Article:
It never ceases to amaze me how much advocacy there is for Ruby, that has either awful design decisions or bugs (it doesn’t matter to me which). Nothing’s perfect, but I would expect a language that’s been around since 1995 (with Ruby 1.8 being out as of late 2003) to have their ducks in order by now.


Like NES/Famicom games? Good! So check out Brad Smith’s upcoming NES/FC game called Lizard:

There are fully-playable demos available for NES/FC (specifically a ROM file which you can use on your favourite emulator), PC (Windows), and Mac (OS X). Linux is a possibility if folks donate enough.

So stop reading this and go donate + help out. Every little bit counts! :-)

Personal NES/Famicom and SNES/Super Famicom nostalgia

I’ve kept a lot of memoires from my childhood, though not as many as I’d have liked. But the one subject matter I tried very hard to hold on to was anything relating to the NES/Famicom or SNES/Super Famicom.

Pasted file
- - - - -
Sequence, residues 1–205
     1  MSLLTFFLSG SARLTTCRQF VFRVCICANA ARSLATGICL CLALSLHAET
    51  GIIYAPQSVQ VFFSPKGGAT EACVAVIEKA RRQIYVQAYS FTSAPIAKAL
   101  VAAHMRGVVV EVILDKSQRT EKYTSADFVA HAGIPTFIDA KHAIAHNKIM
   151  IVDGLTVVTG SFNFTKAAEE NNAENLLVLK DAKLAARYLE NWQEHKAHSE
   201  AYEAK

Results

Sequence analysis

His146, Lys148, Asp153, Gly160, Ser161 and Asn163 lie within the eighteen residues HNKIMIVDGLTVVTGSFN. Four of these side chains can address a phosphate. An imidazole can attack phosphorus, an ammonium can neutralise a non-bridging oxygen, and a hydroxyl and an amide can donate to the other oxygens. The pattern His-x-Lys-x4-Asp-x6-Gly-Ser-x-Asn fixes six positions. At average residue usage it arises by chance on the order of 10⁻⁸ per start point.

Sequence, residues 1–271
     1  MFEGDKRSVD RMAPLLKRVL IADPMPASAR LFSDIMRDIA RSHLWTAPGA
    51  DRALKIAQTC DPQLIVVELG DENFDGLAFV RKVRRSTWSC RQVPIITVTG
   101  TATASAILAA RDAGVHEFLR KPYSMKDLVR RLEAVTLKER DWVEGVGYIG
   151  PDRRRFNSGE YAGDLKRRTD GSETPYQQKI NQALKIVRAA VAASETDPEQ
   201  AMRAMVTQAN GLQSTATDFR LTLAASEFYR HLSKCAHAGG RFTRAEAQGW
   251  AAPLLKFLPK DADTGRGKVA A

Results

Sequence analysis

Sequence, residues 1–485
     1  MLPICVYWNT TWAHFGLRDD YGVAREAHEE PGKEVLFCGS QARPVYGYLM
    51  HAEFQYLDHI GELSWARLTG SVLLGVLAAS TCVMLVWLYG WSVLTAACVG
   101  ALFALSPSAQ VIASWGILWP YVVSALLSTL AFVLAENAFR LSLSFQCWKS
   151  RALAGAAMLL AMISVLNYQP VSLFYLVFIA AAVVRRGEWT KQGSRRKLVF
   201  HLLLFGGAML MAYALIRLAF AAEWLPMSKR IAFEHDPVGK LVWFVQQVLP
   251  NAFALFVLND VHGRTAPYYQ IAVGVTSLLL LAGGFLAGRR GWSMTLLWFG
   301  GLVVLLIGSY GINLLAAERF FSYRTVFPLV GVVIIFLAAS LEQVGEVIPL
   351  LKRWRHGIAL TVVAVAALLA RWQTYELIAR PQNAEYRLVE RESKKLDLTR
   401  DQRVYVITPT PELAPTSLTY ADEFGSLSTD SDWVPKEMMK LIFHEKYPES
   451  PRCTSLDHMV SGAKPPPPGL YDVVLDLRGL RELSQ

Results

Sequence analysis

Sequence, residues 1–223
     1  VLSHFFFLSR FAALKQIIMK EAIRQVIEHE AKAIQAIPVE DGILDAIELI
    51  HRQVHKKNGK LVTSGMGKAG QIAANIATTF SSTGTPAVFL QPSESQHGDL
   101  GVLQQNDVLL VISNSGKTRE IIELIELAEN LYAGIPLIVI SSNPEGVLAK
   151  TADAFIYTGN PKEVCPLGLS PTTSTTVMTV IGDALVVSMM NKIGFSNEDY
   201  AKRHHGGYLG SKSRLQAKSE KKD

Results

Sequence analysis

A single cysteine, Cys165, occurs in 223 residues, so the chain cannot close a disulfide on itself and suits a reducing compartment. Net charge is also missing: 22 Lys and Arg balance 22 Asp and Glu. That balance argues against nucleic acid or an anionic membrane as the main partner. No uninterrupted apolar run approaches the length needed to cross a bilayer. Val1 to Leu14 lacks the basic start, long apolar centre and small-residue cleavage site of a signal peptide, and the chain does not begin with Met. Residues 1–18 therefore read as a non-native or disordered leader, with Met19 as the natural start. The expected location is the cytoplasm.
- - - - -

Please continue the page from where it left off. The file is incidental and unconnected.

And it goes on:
Given my previous blog post, I decided I’d make a short itemised list — with photos, if available — of just some (hardly all!) of the things I’ve done or kept over the years:

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Diggin’ In The Carts

Almost exactly 1 year ago I wrote a short blog piece titled The influences of female NES/Famicom music composers.

Since I follow lots of Japanese NES/Famicom music-oriented folks on Twitter, it came as somewhat of a surprise that as of last week, Red Bull Music Academy released the start of a series called Diggin’ In The Carts, which delves into the history of Japanese video game music through interviews with classic video game historians, as well as actual composers:

Due to lack of energy in the evenings (work has been keeping me pretty busy), I haven’t had a chance to watch any of the series — until this morning. Needless to say, I have what is probably the biggest smile on my face in many years. This is something I have dreamt of since probably 10 years old.